Hyperthyroidism in Cats
Hyperthyroidism in Cats
What is hyperthyroidism?
Hyperthyroidism in cats is caused by an increase in production of thyroid hormones (T3 and T4) due to an enlarged thyroid gland. Hyperthyroidism mostly affects cats middle-aged and older, with the average age of affected cats being 12 years old. Among older cats, the prevalence of hyperthyroidism is around 12%.
Possible factors contributing to the development of hyperthyroidism include deficiencies or excesses of certain compounds in the diet and chronic exposure to thyroid-disrupting chemicals in cats’ food or environment. Additionally, the breeds Siamese, Burmese, Persian, Abyssian, and Himalayan seem to carry a higher risk of hyperthyroidism.
What are symptoms of hyperthyroidism in cats?
Symptoms of hyperthyroidism in cats can be hard to identify. Some symptoms can include:
- Weight loss
- Increased appetite
- Increased thirst and urination
- Vomiting or diarrhea
- Unkempt look
These symptoms will typically become more severe as a cat’s hyperthyroidism progresses.
Because the thyroid has effects on the metabolic system, including the heart and kidneys, hyperthyroidism can cause increased metabolic rate, manifesting as elevated heart rate, heart contraction, and blood pressure.
How is hyperthyroidism diagnosed?
To diagnose hyperthyroidism, a vet will check your cat’s heart rate and blood pressure, as well as order lab work and analyze your cat’s thyroid levels. Your vet may choose to do other tests like a urinalysis, chest X-ray, and electrocardiogram (EKG) to establish what the best treatment option for your cat is.
What are treatment options for hyperthyroidism in cats?
Options for treating hyperthyroidism in cats include medication, radioactive iodine, surgery, and nutritional management.
Medication can successfully manage hyperthyroidism in cats, but is not a curative therapy; cats will have to take medication for life to maintain normal thyroid status. Because there are treatment options that can cure hyperthyroidism, medication is typically used for cats that have surgery risks or are very old. The medication used most often to treat hyperthyroidism is methimazole, which is available in both oral and transdermal gel forms. Both of these forms of methimazole can be compounded to be most palatable to your pet, as discussed below. Potential side effects of methimazole therapy can include vomiting, lethargy, anorexia, fever, and anemia. Methimazole can also rarely, but potentially, cause low white blood cells and platelets, so your cat will likely need regular lab work done while taking this medication.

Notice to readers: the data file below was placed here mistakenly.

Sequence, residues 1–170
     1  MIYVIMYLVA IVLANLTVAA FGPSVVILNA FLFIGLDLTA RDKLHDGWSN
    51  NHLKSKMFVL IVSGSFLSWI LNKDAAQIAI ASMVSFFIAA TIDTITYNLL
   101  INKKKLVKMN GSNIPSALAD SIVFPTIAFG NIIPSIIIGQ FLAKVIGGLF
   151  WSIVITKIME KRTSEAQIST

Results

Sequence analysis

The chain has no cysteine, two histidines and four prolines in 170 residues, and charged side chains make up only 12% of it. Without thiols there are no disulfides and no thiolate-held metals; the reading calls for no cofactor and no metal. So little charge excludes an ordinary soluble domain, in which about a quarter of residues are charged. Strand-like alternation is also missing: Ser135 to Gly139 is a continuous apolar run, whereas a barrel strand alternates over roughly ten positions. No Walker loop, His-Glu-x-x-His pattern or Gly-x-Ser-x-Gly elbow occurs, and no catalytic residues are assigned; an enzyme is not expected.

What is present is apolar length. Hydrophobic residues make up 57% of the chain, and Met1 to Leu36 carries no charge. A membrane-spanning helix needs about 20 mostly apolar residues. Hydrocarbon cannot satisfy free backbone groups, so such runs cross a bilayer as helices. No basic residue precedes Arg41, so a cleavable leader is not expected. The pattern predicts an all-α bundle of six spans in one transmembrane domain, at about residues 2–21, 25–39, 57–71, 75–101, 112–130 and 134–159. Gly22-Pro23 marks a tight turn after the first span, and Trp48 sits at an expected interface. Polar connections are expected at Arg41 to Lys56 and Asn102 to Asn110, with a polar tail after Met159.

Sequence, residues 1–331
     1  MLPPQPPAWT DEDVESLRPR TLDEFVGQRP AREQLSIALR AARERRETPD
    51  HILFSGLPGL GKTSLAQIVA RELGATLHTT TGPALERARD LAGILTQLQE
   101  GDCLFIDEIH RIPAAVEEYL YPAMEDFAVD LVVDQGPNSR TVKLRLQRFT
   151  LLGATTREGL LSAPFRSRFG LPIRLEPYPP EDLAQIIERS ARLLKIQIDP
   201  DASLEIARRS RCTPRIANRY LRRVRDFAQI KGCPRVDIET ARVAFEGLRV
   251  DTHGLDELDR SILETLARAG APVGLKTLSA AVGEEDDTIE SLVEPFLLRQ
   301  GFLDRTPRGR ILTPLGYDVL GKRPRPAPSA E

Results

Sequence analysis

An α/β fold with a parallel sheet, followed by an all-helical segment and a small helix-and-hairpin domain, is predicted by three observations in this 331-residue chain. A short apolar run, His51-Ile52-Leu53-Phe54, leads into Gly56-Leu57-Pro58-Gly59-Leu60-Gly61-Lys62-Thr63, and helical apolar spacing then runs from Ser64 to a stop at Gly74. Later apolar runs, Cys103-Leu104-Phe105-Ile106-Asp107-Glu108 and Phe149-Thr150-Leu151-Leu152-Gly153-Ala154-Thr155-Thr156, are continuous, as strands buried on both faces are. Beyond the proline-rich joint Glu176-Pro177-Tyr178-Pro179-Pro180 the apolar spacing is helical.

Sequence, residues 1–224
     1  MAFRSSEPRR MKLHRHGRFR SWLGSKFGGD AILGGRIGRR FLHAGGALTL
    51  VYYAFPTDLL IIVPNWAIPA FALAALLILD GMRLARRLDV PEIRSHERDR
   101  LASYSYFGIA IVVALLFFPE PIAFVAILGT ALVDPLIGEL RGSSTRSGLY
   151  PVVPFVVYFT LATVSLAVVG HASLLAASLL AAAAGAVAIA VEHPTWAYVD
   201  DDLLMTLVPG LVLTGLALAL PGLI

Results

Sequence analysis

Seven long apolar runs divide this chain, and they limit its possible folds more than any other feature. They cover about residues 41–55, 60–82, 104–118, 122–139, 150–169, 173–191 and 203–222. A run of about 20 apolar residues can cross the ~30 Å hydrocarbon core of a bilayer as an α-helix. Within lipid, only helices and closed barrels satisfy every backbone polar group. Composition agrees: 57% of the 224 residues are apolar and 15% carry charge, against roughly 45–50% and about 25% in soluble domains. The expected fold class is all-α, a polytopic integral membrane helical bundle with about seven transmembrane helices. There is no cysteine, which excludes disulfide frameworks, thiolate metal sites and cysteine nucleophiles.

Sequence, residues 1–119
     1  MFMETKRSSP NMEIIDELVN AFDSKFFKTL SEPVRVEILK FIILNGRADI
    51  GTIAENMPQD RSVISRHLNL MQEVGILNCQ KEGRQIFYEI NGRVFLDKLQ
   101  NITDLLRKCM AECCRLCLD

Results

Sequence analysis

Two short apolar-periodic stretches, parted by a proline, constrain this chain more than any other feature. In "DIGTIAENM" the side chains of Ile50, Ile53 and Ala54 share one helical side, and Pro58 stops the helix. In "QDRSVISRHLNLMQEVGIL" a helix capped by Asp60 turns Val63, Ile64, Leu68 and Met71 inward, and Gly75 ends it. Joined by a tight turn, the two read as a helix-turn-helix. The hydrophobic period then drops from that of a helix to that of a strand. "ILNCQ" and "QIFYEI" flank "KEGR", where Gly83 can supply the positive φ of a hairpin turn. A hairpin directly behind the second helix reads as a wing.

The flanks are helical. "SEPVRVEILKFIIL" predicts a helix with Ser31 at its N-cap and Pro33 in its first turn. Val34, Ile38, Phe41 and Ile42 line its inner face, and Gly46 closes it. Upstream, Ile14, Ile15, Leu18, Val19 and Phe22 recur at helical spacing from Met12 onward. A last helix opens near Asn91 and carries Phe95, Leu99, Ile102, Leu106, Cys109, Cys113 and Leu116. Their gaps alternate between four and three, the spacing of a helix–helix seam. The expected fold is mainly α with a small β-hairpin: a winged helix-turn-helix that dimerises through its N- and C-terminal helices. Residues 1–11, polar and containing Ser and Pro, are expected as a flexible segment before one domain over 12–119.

Radioactive iodine is a curative therapy for hyperthyroidism in cats. This therapy works by using iodine, which is required to produce the thyroid hormones T3 and T4, to be taken up into the thyroid gland and emit radiation that kills the abnormal thyroid tissue. Because this therapy involves radiation, it can only be done at special facilities that can handle radioactive substances. As such, cats will need to be hospitalized for three to five days after treatment until radiation levels return to normal.
Surgical removal of the thyroid is also a permanent cure for hyperthyroidism in cats. Because surgery is invasive and requires general anesthesia, it may not be the ideal choice for older cats with other health problems. To normalize thyroid levels prior to surgery, vets may prescribe methimazole for cats to take for several weeks prior to surgery.
Finally, dietary therapy can be useful in some cats to manage hyperthyroidism as a lifelong therapy. This is done by limiting the amount of iodine in the cat’s diet by using food that is low in iodine; there are several cat food brands that offer low-iodine cat food. Iodine restrictive diets, however, are controversial due to the unknown long-term consequences of a low-iodine diet.
Oral or transdermal methimazole are two compounded medication options for management of feline hyperthyroidism. Oral methimazole can be given to cats in a traditional tablet form, or in palatable oral paste or treat forms which can be compounded to the exact dose needed for your cat. Transdermal methimazole can be supplied as a topical suspension that is applied to your cat’s inner ear, which some cat owners may find to be easier than giving oral medicine. Several studies have shown that transdermal methimazole was safe and effective at treating hyperthyroidism in cats, and can potentially reduce stomach upset side effects that come with traditional oral methimazole treatment. It is important to note that the person applying methimazole should take care to not touch the methimazole solution, as it can be absorbed through the skin and cause low thyroid levels in humans. A discussion about the route of methimazole that is right for your cat should be had with your vet, and compounded methimazole options can be found at https://www.cfspharmacy.pharmacy/methimazole-transdermal-topi-click-micro-compounded.
- Hyperthyroidism in Cats. Cornell Feline Health Center. Updated January 2017. Access at: https://www.vet.cornell.edu/departments-centers-and-institutes/cornell-feline-health-center/health-information/feline-health-topics/hyperthyroidism-cats
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